Council | How to wean yourself safely off sleeping pills

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Life can be hard and sleep elusive. Many Americans deal with occasional or chronic insomnia by taking sleeping pills.

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In 2020, 8 percent of Americans said they take sleep medication every day or most days to help them fall asleep or stay asleep. As a sleep psychologist, I see a large number of such patients.

Most start using over-the-counter or prescription pills to counteract sleep disturbances caused by short-term disturbances such as travel, unusual stress and hospitalization, or long-term conditions such as chronic insomnia (or another sleep disorder), depression , anxiety and hyperthyroidism.

Most of my patients want to stop taking sleeping pills, but many have been reluctant to try. They have different reasons for wanting to quit, such as:

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  • Their or their doctors’ concerns about over-dependence on medications.
  • Side effects.
  • Declining effectiveness.
  • Individual health considerations such as pregnancy, upcoming surgery, or drug interactions.

They also have several reasons for continuing to take the pills, including:

  • Relief in the certainty of a good night’s sleep and doubt about their ability to sleep without medication.
  • High anxiety about poor sleep.
  • Failed tapering attempts during which they experienced difficulty sleeping, anxiety or other withdrawal symptoms.

If, like my patients, you want to reduce or stop your medications, but feel discouraged, resigned, anxious, and doubtful, I want to assure you there is hope.

No single approach to reducing sleep aids

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Sleeping pills are not a unitary category. Hypnotic and sedative drugs include different types of drugs with different modes, durations of action, and discontinuation issues. There is no one-size-fits-all approach to reducing or stopping such varied agents.

Practical considerations also vary from drug to drug. Some pills are not meant to be cut. Others can be trimmed, but some are too small to do so precisely. Some people need to substitute another drug to help them get off the first one, or need to figure out which of the two or more drugs to cut back on first.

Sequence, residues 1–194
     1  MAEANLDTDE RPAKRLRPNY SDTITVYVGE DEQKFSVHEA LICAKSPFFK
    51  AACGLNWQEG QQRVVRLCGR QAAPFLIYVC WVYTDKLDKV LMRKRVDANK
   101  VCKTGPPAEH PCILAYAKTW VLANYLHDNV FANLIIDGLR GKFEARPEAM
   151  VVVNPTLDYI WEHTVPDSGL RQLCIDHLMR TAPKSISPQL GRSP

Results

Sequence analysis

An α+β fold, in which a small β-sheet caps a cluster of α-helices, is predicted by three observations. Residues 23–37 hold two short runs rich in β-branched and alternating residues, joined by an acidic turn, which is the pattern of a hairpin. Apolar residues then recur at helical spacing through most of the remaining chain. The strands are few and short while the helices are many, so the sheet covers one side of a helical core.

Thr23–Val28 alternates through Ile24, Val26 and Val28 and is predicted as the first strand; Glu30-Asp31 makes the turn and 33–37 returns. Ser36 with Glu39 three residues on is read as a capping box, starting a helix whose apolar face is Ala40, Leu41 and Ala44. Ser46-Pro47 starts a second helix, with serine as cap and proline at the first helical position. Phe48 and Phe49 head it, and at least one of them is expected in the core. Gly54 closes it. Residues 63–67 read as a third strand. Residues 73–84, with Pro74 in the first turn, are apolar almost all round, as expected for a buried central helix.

There are many other considerations. For example, if you have only been on a medication for a month, the tapering approach will likely be faster (to avoid extended use) than the gradual approach described below for those who have been on medications long-term.

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Ways to prepare to reduce or stop sleeping pills

There are a few general principles to help you be successful at tapering:

  • Work closely with your doctor to determine a safe rate and method.
  • Pharmacists can help, by dividing pills or assisting with liquid or compound formulations to create fractional doses.
  • Go slowly. The biggest mistake my patients make is going too fast. They end up returning to their full fix, chastised and disheartened by the experience.

Before you start decreasing, though, know what you’re healing. It’s not okay to remove a pill if you don’t have proper treatment for the below sleep condition. There are many cases of undiagnosed restless legs syndrome, sleep apnea, depression, or other conditions that result in poor sleep. Sleep doctors are excellent at sorting out diagnoses.

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I have a patient who has tried many times over several years to cut down on benzodiazepines. Each time, however, she experienced unmanageable insomnia. I used this metaphor to explain why going slow was important: